In a ruling from the bench on July 14, 2010, US District Judge Robert Hinkle rejected gubernatorial candidate Rick Scott's attack on a portion of Florida's campaign finance law. The Republican candidate, who has already spent at least $21 million on his largely self-funded campaign, challenged a provision that provides a candidate's opponents with a dollar-for-dollar match of the candidate's spending in excess of a $24.9 million cap. Mr. Scott did not challenge another portion of the campaign finance law that provides candidates who accept public funding with matching funds of up to $250 for each contribution.
Mr. Scott argued that the so-called “Millionaire's Tax” impairs his First Amendment rights. Judge Hinkle balanced the First Amendment issue against the purpose of the Florida public finance system, which he described as preventing corruption or the appearance of corruption. He distinguished the Florida situation from an Arizona campaign finance law that was overturned by the U.S. Supreme Court and a Connecticut law that was overturned at the circuit court level on the basis that those laws were not part of a larger public finance scheme.
Mr. Scott's attorney said that the candidate planned to press his case quickly with the 11th Circuit Court of Appeals.
Mr. Scott has a funding advantage over his Republican primary opponent, Attorney General Bill McCollum. According to information filed by Mr. McCollum's campaign, the attorney general has raised a total of $4.7 million and had only $800,000 in the bank as of July 10.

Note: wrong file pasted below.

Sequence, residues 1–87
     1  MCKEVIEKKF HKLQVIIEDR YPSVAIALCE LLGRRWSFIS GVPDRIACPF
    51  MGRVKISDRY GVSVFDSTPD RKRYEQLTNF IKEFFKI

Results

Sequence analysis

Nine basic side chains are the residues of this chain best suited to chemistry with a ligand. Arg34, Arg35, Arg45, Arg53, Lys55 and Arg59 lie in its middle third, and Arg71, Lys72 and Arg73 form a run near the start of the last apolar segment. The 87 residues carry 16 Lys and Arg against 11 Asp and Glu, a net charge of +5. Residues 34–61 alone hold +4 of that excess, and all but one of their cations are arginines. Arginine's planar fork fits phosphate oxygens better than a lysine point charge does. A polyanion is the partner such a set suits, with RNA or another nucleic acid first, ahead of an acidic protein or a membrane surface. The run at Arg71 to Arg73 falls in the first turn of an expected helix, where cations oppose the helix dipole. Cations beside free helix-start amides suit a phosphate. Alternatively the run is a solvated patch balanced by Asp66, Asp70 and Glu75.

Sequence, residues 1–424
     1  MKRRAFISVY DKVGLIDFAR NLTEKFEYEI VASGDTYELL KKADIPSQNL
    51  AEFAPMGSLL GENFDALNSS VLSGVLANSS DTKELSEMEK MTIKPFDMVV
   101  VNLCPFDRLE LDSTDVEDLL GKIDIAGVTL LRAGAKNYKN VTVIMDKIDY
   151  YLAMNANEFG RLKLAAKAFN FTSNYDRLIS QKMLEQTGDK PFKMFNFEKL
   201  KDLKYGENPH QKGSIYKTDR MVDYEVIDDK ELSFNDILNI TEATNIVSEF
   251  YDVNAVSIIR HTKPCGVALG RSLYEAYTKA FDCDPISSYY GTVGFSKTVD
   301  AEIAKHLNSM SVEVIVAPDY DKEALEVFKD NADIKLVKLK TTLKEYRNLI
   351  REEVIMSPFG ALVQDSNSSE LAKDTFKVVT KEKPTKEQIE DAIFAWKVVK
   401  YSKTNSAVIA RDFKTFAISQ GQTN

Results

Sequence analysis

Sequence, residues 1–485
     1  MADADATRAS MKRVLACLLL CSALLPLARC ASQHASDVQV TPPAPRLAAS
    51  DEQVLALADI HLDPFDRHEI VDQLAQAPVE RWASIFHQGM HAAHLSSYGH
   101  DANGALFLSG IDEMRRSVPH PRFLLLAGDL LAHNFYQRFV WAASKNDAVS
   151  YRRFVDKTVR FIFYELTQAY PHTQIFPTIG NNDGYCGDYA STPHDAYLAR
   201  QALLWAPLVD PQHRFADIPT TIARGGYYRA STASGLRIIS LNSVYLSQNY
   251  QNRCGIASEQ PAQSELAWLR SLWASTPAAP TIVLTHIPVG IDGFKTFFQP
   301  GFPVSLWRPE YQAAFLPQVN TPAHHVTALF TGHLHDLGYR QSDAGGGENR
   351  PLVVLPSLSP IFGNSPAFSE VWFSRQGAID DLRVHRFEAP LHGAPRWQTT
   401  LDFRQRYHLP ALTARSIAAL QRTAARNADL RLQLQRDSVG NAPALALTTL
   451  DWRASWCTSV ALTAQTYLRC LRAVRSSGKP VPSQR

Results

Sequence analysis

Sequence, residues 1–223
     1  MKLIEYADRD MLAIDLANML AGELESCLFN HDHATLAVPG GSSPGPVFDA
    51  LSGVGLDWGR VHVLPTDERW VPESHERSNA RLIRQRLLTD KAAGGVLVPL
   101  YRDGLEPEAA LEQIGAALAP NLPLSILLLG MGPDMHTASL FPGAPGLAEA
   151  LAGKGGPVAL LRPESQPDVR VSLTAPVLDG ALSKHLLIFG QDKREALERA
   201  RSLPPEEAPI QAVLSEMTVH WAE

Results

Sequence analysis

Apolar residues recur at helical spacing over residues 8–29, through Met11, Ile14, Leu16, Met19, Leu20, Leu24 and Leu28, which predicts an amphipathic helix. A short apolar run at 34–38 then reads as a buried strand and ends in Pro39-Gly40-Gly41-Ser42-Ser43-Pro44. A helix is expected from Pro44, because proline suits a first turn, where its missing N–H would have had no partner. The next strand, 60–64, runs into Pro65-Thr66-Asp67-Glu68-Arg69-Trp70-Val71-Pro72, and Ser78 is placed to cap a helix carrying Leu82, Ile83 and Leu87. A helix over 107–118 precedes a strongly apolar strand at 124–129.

In the race for the U.S. Senate, former Florida House Speaker Marco Rubio (R-Miami) reported raising $4.5 million during the quarter ending on June 30. Mr. Rubio's second quarter fundraising represented the greatest amount raised in one quarter by any federal candidate in the current election cycle. The previous record was $4.3 million, raised by Gov. Crist in 2009 in his first quarter of fundraising as a Republican. More recently, Gov. Crist raised $1.1 million in the first quarter of 2010 and $1.8 million in the second quarter. He announced that he was leaving the Republican Party and running without party affiliation on April 29, 2010.
U.S. Rep. Kendrick Meek (D-17th Congressional District), one of the Democratic candidates for the open Senate seat, reported raising $1 million in the second quarter of 2010. His primary opponent, businessman Jeff Greene, reported second quarter expenditures of $5.8 million and contributions of $3,036.